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The 3 Leader Profiles You MUST Avoid

Source |  | John Eades

The feeling in my stomach was sickening. At first, I sat there in slight disbelief with the simple thought running through my head over and over, “How in the world could my team possibly rate me like this?” As I continued through my leader report, the feeling didn’t get better as I read, “He micromanages a lot” and “He treats people differently based on who you are.” Candidly, it was hard to read. As I sat back in my chair fighting off feelings of anger and disappointment, I saw the words a mentor had spoken to me that I had written on a notecard:

“Don’t ever underestimate anyone”

I had been underestimating my team and failing to empower them to become the best version of themselves.

I hope you have never had the experience of your own team saying negative things about you, but I am sure you can relate. For me it was the green light I needed to improve and make real lasting change to ultimately become a more effective leader.

Fast forward 4 years and we have set out to make sure those feelings don’t happen to you. A recent survey we conducted revealed what the most effective leaders do differently. In short, it’s their ability to lead with high levels of both love and discipline, simultaneously, or in what we call “the Welding Zone.”

Love & Discipline are defined as:

Love (verb): To contribute to someone’s long term success and well being.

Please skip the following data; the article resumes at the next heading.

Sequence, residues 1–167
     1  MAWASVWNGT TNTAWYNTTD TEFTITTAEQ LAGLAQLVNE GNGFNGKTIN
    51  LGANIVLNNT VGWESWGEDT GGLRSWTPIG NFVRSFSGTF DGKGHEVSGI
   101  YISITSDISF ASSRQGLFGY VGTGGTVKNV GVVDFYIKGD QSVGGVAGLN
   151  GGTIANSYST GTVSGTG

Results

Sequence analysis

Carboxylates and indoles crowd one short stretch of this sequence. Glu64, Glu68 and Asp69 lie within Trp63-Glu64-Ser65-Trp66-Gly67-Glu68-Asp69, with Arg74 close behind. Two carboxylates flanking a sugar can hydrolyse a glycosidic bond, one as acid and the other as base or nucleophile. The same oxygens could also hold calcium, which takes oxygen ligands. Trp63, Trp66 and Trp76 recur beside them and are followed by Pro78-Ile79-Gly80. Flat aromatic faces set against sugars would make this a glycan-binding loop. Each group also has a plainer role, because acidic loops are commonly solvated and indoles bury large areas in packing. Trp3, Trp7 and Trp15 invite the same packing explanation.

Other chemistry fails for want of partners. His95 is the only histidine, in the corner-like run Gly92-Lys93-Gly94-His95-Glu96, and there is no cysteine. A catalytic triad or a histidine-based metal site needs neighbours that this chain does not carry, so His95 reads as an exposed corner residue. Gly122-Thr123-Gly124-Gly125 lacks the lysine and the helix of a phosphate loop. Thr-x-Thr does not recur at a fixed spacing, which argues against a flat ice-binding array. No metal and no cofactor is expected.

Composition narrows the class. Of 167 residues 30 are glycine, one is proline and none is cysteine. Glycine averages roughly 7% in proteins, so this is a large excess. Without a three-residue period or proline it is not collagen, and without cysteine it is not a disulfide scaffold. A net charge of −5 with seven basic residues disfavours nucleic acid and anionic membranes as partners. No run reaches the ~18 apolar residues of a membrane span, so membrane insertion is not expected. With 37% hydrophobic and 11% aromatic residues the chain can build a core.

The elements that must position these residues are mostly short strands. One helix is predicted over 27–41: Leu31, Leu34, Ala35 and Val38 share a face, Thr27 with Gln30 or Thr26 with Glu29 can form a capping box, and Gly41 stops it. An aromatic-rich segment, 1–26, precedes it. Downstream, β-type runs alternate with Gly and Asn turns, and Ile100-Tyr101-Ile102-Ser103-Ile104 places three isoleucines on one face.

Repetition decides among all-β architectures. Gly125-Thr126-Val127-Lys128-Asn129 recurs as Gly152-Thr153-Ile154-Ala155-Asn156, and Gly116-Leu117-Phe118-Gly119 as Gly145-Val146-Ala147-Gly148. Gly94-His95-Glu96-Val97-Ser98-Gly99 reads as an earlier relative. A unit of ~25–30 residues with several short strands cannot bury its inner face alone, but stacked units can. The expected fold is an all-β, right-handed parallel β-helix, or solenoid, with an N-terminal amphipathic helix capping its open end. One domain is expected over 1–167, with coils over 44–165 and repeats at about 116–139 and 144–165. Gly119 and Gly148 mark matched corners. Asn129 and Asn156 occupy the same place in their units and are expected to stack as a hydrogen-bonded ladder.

Discipline (verb): To promote standards in order for an individual to choose to be at their best

From the survey results, 4 distinct Leader Profiles became evident depending on the levels of Love and Discipline a leader leveraged.


The Exploiter has never been about the team and thinks about number one first. They often use their positions of power to rule from the high tower, push people instead of pull, and rarely lead from the front lines. Here are a few other highlights:


  • Scores low in love and discipline.
  • Manipulates situations to their advantage.
  • Rarely loved by their direct reports.
  • Highly driven by financial success.


The Pleaser has a difficult time giving constructive feedback and prefers harmony over conflict or discomfort. They often let poor behavior or questionable work go without saying a word in an effort to “protect” the other person’s feelings.


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